One person’s sex is another's foreplay. That's perhaps one of the more bemusing results of Health24’s Great South African Sex Survey of 2010. All of us - well, 99% of us - can agree that a penis penetrating a vagina undeniably constitutes sex. Beyond that, however, definitions of what actually qualifies as sex become rather fuzzy.
You may be excused for thinking that pretty much anything involving naked people in substantial, intentional and mutual skin-to-skin contact in settings ranging from bedrooms, boardrooms, kitchen counters and hay barns deserves to be called "sex". But no, most of us don’t think it’s quite so straight forward a matter.
Arbitrary as distinctions over what is and what isn’t sex may appear at first, they actually become rather important in some situations. Just think about it: if you, as a fifteen year-old hormonally-charged teenager are taught to believe in the strict penis-in-vagina definition, you can cover a whole array of rather advanced sexual activities before you trespass the dreaded underage sex boundary.
The survey results make for some interesting reading:
Only 59% of the people participating in the survey consider mutual masturbation to be sex;
Only 56% think that vaginal penetration with anything other than the penis - think fingers, dildos, vibrators, etc. - qualifies as sex;
Some 70% count oral sex as proper sex.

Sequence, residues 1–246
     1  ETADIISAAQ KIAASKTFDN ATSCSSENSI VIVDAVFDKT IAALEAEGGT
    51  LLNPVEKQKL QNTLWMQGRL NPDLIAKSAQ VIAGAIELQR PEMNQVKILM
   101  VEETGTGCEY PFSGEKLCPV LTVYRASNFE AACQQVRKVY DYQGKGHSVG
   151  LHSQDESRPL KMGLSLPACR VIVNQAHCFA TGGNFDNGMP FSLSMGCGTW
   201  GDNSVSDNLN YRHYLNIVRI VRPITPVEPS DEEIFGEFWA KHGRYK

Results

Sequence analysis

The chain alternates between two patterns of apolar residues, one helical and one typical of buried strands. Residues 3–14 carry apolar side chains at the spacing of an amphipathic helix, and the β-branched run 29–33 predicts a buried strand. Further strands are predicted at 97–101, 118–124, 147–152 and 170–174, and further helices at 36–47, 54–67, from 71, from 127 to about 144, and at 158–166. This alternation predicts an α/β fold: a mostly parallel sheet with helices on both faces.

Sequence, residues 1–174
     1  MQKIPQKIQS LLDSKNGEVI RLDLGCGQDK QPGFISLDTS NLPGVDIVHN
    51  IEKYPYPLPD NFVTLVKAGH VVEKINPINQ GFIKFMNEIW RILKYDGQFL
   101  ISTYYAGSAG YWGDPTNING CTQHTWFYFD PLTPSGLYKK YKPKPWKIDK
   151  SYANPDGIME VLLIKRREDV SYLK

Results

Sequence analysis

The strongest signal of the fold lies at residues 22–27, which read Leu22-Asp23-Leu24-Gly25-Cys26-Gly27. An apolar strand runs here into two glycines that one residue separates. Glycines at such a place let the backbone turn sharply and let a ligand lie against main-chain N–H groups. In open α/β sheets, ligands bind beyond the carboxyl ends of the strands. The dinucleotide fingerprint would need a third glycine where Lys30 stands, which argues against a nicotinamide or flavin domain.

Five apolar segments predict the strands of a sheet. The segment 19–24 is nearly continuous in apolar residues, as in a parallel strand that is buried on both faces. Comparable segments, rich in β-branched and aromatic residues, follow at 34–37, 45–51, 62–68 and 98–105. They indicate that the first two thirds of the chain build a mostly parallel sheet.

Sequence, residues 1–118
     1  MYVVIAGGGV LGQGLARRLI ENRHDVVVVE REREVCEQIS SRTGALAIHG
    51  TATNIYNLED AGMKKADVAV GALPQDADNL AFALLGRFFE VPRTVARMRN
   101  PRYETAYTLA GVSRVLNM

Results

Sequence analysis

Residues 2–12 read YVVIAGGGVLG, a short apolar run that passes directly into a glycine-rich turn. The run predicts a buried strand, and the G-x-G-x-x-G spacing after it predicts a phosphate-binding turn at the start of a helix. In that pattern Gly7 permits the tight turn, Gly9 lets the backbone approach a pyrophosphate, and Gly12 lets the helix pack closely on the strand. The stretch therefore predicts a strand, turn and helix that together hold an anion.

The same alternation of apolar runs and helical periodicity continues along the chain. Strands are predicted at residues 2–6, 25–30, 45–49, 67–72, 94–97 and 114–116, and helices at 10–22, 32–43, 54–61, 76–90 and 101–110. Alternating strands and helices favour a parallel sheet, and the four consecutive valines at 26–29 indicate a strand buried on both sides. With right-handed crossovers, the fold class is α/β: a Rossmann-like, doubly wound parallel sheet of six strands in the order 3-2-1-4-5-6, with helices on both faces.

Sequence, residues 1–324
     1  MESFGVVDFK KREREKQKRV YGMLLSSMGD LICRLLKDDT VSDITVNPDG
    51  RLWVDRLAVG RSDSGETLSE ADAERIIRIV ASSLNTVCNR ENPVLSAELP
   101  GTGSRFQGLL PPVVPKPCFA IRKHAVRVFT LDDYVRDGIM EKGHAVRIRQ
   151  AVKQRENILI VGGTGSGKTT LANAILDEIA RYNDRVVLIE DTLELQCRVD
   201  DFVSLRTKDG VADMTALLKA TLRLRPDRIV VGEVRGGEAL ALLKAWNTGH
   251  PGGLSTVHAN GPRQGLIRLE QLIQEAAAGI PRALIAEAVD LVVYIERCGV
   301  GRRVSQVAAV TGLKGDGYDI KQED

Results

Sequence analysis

What's particularly striking is that in all three of these cases, the tendency to describe them as sex tends to steadily increase with age. So while only 56% of 20 to 24 year olds reckon that oral sex is actually sex, that figures rises to 78% for folks older than 50. Similarly, only 38% of 20 to 24 year olds think of mutual masturbation as sex, while 73% of 45 to 49 year olds do. Perhaps it's an indication that younger people are hoping to get away with some pretty sexy actions without having to chalk them down as actual, bona fide sex.
Somewhat surprisingly, this trend is reversed when it comes to anal sex: while 71% of all respondents think of anal sex as sex, younger people are more inclined to do so than older people.
For most of us this whole debate boils down to semantics. You say "potayto", I say "potado". As long as everyone involved is happy and no laws are broken, who cares what you choose to call it? As long as we all get to share some of the fun!
(Andrew Luyt, Health24, February 2010)
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